The Difference Between Synthetic and Regular Oil

We all know that oil protects our engine, and that we should change it often, but what type do you use in your car? And why do some automakers recommend synthetic while others use regular lubricants?

Regular and mineral oil are the same thing. It is made by digging up the liquified remains of ancient critters, refining the sludge into usable liquid, and then mixing it with special additives to make it flow better in your engine.

Synthetics are made by humans using special chemical formulas that mimic the lubricating properties of dead dinosaur liquid. Synthetic looks the same as mineral, and unless you have super-human sense of touch, feels the same too. The difference is that it is purer, and more stable.

Where a mineral oil is made up of lots of little particles that are more or less the same size and density, human-made stuff is nearly 100-percent uniform, with far fewer contaminants. If you looked at the two under a microscope it would be easy to spot the mineral oil.

Advantages of Mineral Oil

The only true benefit of mineral lubricant is price. It can be as little as half the cost of comparable synthetics, which makes them the better option for high-mileage vehicles or lower value vehicles.

Mineral oils also stand up better under cold weather storage than synthetics and synthetic blends, but this difference is small and growing smaller as technology improves.

Advantages of Synthetic Lubricants

Synthetics last longer, maintain their viscosity longer, and provide more consistent performance than regular oil, especially at higher temperatures and speeds. That’s why these are preferred for high-performance engines like sports cars or motorcycles.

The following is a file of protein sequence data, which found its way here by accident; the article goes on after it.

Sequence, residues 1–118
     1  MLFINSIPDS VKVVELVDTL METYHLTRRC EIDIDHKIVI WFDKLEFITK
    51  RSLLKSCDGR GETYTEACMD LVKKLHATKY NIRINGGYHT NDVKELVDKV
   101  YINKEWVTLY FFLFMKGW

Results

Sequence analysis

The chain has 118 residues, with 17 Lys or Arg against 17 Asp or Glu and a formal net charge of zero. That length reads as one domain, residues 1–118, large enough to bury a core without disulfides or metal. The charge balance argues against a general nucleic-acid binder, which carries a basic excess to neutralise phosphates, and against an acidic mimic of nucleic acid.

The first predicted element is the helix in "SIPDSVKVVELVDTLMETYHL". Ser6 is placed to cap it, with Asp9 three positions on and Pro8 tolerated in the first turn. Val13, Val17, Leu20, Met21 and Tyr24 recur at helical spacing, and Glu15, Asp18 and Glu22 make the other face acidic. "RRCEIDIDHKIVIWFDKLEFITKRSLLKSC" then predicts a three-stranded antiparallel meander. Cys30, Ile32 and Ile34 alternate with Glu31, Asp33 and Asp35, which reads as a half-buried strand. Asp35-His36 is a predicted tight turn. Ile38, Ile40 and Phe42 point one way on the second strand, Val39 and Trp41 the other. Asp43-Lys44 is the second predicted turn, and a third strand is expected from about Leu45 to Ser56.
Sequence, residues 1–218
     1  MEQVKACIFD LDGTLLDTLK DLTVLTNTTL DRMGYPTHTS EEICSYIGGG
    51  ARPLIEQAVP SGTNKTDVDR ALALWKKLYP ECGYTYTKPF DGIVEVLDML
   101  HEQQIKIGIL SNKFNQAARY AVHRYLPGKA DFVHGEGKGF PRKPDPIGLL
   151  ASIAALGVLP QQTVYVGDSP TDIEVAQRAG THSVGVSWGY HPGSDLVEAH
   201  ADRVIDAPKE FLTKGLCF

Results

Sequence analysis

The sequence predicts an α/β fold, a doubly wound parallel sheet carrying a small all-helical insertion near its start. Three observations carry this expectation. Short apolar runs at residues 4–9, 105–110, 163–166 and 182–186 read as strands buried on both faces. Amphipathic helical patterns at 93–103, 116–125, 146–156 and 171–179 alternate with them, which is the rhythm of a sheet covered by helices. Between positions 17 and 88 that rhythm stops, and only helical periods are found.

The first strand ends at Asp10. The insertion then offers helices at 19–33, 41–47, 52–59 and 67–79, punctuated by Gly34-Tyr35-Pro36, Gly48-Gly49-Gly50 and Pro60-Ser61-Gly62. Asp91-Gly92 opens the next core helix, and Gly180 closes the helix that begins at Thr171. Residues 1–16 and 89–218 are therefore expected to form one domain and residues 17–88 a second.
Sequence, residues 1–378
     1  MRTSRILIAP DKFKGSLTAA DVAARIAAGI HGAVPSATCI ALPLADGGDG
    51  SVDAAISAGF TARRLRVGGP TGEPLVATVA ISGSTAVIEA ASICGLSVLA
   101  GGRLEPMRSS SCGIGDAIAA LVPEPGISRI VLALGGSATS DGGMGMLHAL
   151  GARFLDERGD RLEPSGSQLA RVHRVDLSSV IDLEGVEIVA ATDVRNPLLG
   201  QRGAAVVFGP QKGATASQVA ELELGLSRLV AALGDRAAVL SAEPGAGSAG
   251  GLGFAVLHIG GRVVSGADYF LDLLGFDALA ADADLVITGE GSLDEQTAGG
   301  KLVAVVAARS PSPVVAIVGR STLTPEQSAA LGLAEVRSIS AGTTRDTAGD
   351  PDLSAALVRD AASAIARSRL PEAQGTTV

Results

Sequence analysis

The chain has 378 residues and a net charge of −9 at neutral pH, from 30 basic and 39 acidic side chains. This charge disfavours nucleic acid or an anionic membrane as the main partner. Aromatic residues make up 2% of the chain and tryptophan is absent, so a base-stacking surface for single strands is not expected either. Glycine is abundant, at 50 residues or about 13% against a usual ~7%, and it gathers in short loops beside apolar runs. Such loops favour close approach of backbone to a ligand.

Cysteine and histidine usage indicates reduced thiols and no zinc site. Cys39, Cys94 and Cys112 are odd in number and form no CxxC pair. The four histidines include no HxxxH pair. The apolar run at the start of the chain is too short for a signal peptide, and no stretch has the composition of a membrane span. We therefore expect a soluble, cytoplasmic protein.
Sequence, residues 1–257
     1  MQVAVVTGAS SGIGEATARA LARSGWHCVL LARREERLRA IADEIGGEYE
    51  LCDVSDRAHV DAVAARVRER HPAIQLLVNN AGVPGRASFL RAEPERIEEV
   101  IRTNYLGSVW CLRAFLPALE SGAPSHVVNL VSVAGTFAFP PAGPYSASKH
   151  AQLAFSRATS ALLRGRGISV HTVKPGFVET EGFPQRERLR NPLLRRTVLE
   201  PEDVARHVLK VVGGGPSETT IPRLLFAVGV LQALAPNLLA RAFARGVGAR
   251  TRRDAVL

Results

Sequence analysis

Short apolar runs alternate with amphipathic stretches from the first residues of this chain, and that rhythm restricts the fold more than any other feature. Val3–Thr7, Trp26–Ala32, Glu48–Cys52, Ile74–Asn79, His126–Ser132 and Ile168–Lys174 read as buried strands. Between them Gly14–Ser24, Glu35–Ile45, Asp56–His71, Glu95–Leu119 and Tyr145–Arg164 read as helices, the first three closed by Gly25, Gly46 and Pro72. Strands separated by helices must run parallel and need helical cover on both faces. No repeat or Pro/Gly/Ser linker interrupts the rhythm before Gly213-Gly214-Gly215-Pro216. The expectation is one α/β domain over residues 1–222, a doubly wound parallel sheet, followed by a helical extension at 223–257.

Even in less extreme conditions, synthetic oils can provide a longer life between changes, which makes them attractive to car makers.

Digging Deeper

Mineral oils also require the use of additives to help it meet the viscosity requirements of your engine. Viscosity is the rate of flow. That’s what those numbers on labels like “10W-50” mean. A 10W-50 regular oil will degrade over time and stop meeting those numbers.

Human-made lubricant maintains its viscosity over its life because it was formulated specifically to meet those numbers. The only thing that causes it to become thicker is contamination, and synthetic oils are also more resistant to contamination. 

Human-made oils leave less deposits in your engine because they’re less volatile.

Synthetic Blends

These days, you can get many of the benefits of lab-made lubricants without the cost. Blended oils use a mineral base with synthetic oil mixed in to improve life and consistency. This is a great option for regular-duty vehicles like your daily driver because you don’t have to pay a premium but still get more even protection for your engine. 

Do You Really Need Synthetic Oil?

A synthetic oil is right for you if you drive a high-performance vehicle, tow often, or live in areas with extreme cold snaps lower than -30 degrees. If your vehicle is your daily ride to work or the grocery store and not much else, mineral variants will more than likely suffice. As mentioned, a blend hits both marks.

No matter if you choose regular or human-made, the most important factor for engine life is regular and consistent fluid changes.

Photo credit: Africa Studio/Shutterstock

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